Sometimes, you may not know where you can ride your bicycle. Do you have the right to share the road with cars and trucks? Can you use the sidewalk? What if there is a bike lane; do you have to use it? We will explain the options you have as a cyclist in the state of Florida.
Riding On The sidewalk
Florida law states you can ride your bike on the sidewalk. Even though a bike is considered a vehicle on the road, they have the same rights and responsibilities as pedestrians. Yet, the biker must yield to the other people using the sidewalk. They must audibly let them know when they are turning or stopping, as well as use hand signals and lights.
When they come to a crosswalk, they obey the same rules as pedestrians, and other automobiles must yield to them. Pedestrians and cyclists always have the right of way.
When you are on the road, there are times when you will encounter an impatient or rude driver. As a biker, it can be frightening to share the road with this type of person. This is also true when riding your bike on the sidewalk with other pedestrians. You must ride defensively, and do not engage with an angry pedestrian. You have a legal right to use the sidewalk.
Do You Have To Ride On The Bike Lanes?
What if there is a bike lane provided? Do you have to use it? The answer is no. You have the option of using the bike lane at your discretion.These lanes tend to be near other traffic lanes, which could be intimidating during high traffic hours. You may choose to use the sidewalk instead. However, sidewalks can also become congested and make your commute much slower. Sometimes using the bike lane is the easier option. Choose whichever options is safer to you.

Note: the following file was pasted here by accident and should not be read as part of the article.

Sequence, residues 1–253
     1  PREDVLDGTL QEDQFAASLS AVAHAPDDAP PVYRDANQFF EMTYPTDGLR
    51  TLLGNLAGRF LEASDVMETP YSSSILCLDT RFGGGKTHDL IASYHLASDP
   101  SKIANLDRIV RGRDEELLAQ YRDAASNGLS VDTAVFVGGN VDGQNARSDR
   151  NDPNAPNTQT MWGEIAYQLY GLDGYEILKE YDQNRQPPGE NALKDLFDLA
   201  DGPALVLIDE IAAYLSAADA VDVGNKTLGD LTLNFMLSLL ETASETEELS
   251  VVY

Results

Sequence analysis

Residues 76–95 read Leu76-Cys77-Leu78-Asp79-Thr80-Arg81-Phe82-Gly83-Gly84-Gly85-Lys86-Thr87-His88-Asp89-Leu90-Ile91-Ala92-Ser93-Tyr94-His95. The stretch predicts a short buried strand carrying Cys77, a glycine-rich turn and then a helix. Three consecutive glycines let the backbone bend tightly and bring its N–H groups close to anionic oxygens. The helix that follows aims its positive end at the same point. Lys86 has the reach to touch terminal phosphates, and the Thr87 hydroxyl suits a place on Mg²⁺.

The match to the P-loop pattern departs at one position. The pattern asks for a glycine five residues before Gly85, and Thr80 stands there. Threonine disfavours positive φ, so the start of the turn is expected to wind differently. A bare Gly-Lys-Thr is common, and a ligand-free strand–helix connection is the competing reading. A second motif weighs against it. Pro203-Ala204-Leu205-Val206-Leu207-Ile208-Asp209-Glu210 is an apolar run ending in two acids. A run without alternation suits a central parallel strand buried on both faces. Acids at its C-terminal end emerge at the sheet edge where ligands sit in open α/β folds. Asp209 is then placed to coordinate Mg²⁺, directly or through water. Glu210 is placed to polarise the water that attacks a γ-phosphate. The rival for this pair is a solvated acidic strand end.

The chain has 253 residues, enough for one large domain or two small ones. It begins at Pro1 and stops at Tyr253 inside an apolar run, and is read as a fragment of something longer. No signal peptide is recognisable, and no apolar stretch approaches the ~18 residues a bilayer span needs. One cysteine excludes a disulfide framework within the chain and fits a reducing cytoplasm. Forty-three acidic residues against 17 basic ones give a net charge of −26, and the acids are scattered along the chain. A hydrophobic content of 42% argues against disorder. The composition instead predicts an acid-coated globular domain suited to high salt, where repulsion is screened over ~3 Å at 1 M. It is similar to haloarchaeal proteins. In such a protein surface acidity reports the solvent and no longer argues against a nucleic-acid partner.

Riding In The Street
It is legal to ride in the street. If children are playing on the sidewalk or there are too many pedestrians, using a bike lane or the street is better. If there is no bike lane, you can use the street with other drivers. You must obey red lights, traffic signs, and use hand signals while riding. Automobiles can pass you, but must allow at least 3-feet of distance between your bike and their vehicle.
Local Rules May Apply
We have spoken about Florida law, but you must consider that neighborhoods, towns, and homeowners associations have their own rules. For example, if you buy a house in an area that has a Homeowners Association, you must agree to follow specific guidelines. Those rules may include where and when you may ride your bicycle.
Choose Whatever Option Is Safer For You
In Florida, traveling by bicycle is an enjoyable way to commute and exercise in the beautiful outdoors. Sometimes it can be confusing where you can ride your bike. As a cyclist, your rights are protected. You have the freedom to explore the state using public roads and sidewalks.